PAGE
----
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NatWest paints cautious picture for UK growth

NatWest painted a cautious outlook for 1998 as it announced pre-tax profits of pounds 1.12bn in 1996 down from pounds 1.75bn. The bank also put an end to speculation that it was in the race to bid for Scottish Amicable by saying the rising price for the mutual life insurer could not be justified.

NatWest's profits fall, widely expected by the market, was the result of a loss of pounds 719m on sale of businesses that included Bancorp, its US banking operation, costs of pounds 186m on the redesign of its UK retail banking operations and a gain of pounds 224m on the sale of its stake in 3i, the venture capital company.

Stripping out the charges, underling profits at NatWest rose by pounds 339m to pounds 1.61bn. However, its share price fell 36p to 776.5p on disappointment that it did not announce plans to return capital to shareholders as Barclays did last week.

In contrast with Barclays, which announced sharply lower profits at BZW, its investment banking arm, NatWest's investment bank produced higher pre-tax profits of pounds 462m, up from pounds 304m. But the result, included a fall in bad debt provisions to from pounds 114m to pounds 18m.

Overall, NatWest increased its general provisions against bad debts by pounds 50m and made specific provisions of pounds 499m.

Lord Alexander, chairman, said NatWest was forecasting a slower pace of economic growth in the UK next year and would therefore adopt a more cautious approach to lending.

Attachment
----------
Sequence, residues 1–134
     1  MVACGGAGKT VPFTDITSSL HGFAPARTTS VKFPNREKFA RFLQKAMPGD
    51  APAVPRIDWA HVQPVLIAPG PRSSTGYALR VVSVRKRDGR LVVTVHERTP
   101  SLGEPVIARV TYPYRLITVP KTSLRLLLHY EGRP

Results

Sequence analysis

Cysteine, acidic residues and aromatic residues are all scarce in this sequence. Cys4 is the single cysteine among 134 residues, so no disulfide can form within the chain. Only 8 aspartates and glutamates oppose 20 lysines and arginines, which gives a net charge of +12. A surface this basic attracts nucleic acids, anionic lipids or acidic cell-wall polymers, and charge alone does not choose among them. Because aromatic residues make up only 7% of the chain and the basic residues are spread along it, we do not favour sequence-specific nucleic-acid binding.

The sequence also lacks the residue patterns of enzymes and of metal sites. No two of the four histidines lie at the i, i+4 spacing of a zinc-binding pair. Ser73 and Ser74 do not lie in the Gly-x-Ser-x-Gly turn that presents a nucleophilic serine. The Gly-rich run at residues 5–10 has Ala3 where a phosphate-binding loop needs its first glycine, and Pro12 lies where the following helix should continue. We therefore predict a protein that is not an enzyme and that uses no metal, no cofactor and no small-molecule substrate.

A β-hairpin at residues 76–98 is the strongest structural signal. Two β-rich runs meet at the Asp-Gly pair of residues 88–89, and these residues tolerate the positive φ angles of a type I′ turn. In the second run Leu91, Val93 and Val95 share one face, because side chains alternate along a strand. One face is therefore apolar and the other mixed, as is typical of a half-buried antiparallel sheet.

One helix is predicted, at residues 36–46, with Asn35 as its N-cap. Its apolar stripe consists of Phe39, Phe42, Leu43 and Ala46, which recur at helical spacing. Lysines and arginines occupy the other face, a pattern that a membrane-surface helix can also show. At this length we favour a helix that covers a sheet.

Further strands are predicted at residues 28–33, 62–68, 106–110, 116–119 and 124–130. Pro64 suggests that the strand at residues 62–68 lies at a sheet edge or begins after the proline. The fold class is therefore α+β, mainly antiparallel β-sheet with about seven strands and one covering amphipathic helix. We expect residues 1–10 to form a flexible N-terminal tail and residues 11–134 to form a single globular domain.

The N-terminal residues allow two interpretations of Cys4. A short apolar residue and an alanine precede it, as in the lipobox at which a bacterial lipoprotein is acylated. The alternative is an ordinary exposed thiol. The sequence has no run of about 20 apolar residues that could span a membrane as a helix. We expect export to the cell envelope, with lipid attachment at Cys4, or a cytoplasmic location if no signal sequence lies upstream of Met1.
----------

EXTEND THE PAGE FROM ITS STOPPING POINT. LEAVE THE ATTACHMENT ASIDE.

"Interest rates have to rise. This is our scenario whichever party wins the election," Lord Alexander said.

Derek Wanless, chief executive, said this would involve a more cautious policy towards lending to small businesses and the construction and property areas. This was the time in the economic cycle - rising growth and rising consumer confidence - that banks traditionally "lost it" by increasing lending.

NatWest did not intend to fall into this trap and therefore, based on economic forecasts by David Kern, its chief economist, was preparing for a slower economic growth next year which might make it harder for businesses to repay debts.

"Their management is at odds with what is being preached by management elsewhere," said Peter Toeman, banking analyst at ANM Amro Hoare Govett. However, he said this did not mean it would not proven to be correct.

Lord Alexander said 1996 was the culmination of the re-shaping of NatWest. Its retail bank, which laid off more than 3,000 staff during the year and has plans to make a further 10,000 redundant in the years ahead, included costs of pounds 186m as it shut down more than 300 branches around the country.

The bank expects to incur a further pounds 100m of costs in retail banking this year to cover the cost of introducing new technology.

Across the entire group, the bank will spend another pounds 100m to reprogramme its computers to deal with the date problem arising from the turn of the millennium.

The bank's retail operation recently saw a deal with Tesco to offer banking from its supermarkets fall apart, and Mr Wanless said talks were being held with lawyers about seeking compensation from the supermarket chain.

At NatWest Markets, the investment banking arm, staff costs shot up from pounds 510m to pounds 726m, largely as a result of higher bonuses.

Martin Owen, chief executive of NatWest Market, said the higher figure also reflected the costs of acquisitions through the year.

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